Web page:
The Positive Romania section on Romania Insider is proudly sponsored by BRD - Groupe Société Générale

 

BRD

 

 

Expat in Romania - Michael McNeir (England): The Romanian countryside is one of the most diverse in Europe

We’re inviting our readers to share their stories and tell the world what Romania means to them. Michael McNeir, who has been living in Romania since the summer of 2019, has decided to join our campaign and fill in the questionnaire here. Below is his Romanian story.

A former Law Enforcement Officer, Michael McNeir is from Dover, England. Married to a Romanian woman, he decided to move to Bucharest about two and a half years ago, where he started a new life and a new business. 

He finds Romanians to be very helpful and polite people, and he also likes the local cuisine and the countryside, which he says “is one of the most diverse in Europe.” Plus, he told Romania-insider.com that Romania has brought him “a sense of purpose, security, happiness and prosperity.”

On the other hand, Michael McNeir needed some time to get used to the traffic in Bucharest and believes illegal logging and human trafficking are some of Romania’s biggest issues.

Read more in the interview below. 

What is your name, and where are you from, originally? 

Mr Michael McNeir. Originally from Dover, Kent, England. 

How long have you been in Romania, and what brought you here? What is your main activity here? 

I have been living here in Bucharest, Romania, since August 2019. My wife is Romanian, and we decided to relocate here. 

I am the CEO/Founder of FORUM Financial Advisory & Training Solutions SRL. We are also in partnership with the Bucharest boutique lawyers Enache Pirtea & Associatii. 

My business focuses on corporate and criminal law consultancy, compliance checks and training in anti-money laundering, corporate fraud, asset confiscation and other areas of financial crime. 

Please describe your first encounter with Romania. 

June 2012 - first visit to Romania, to Bucharest. I found everyone very helpful and polite. I like the architecture, which is very classical. 

What was your main challenge when arriving in Romania? How did you overcome it?  

The traffic! When driving in Bucharest, it was like you were in Dodgems at the fairground. I am now used to it. 

What has Romania brought to your life?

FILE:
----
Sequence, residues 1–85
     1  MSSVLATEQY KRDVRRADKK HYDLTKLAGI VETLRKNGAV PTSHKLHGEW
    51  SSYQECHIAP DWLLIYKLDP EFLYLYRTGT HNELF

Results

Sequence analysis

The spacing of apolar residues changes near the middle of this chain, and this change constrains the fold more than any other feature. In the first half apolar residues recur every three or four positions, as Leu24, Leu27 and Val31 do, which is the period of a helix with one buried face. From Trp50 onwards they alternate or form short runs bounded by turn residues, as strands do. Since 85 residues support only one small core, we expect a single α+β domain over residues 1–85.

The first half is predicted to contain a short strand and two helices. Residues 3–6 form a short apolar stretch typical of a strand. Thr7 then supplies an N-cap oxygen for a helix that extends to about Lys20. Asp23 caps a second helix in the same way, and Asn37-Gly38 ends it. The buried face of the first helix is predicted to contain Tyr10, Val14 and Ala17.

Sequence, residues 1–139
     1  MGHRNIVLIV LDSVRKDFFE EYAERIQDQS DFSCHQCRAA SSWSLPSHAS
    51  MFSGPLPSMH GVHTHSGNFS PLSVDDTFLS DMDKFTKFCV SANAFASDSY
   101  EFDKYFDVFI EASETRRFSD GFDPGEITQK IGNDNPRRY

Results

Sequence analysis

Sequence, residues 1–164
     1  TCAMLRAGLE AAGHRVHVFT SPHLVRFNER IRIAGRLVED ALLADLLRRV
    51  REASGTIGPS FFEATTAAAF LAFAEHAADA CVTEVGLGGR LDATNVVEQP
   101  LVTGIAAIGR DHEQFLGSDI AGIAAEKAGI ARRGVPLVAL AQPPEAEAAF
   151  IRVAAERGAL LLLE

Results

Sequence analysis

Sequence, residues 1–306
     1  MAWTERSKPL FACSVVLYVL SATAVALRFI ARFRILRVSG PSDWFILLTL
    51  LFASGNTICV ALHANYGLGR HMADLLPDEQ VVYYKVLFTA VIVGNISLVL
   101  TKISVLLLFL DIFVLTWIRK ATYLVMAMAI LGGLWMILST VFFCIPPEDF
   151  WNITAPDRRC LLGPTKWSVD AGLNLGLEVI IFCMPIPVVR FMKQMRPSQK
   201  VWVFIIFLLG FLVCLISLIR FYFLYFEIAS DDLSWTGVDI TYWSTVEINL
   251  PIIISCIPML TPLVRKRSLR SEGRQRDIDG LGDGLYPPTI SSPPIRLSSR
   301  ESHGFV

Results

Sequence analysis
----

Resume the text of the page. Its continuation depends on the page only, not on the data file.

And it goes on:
A sense of purpose, security, happiness and prosperity. 

Has Romania changed since you first arrived? 

Yes, it has changed as more investment is being made by the EU and foreign businesses. This is good as it creates more employment opportunities and to try and keep Romanian employees within Romania. 

What are the three things you like most about Romania and why? 

1: The Romanian countryside is one of the most diverse in Europe - from mountains to the Danube Delta to the Black Sea coast. So beautiful. 

2: The cuisine is a unique blend from Transylvanian to Slavic to the Mediterranean. 

3: The Romanian people - they are polite, very helpful and well educated in technology. 

What don’t you like in Romania? 

1: Illegal Logging - Unfortunately, illegal logging is widespread. Not only does it destroy the countryside leaving mud slides, it ruins the habitat for the wildlife and reduces the chance of reducing carbon emissions. More trees than more reduction of carbon emissions to assist climate change. 

2: Human Trafficking - As a former Law Enforcement Officer, I have seen the effects of human trafficking in Western Europe. More needs to be done to combat organised crime as it is linked to other areas of organised crime. 

What is your favourite place in Romania and why? 

A very difficult question to answer as there are many places. If I may, I will provide two answers. 

1: Danube Delta - a most uniquely beautiful area within Europe for wildlife and indeed relaxation. 

2: Sighisoara - a most amazing location in the hills with a Saxon feel all the way through. 

What is your favourite Romanian food? 

Mici și mămăligă & Ciorba (e.n. mici are short sausages without casings that never miss from barbecues; mămăligă translates as polenta; and ciorba is the Romanian name for soup)

newsroom@romania-insider.com

(Photo: courtesy of Michael McNeir)

Normal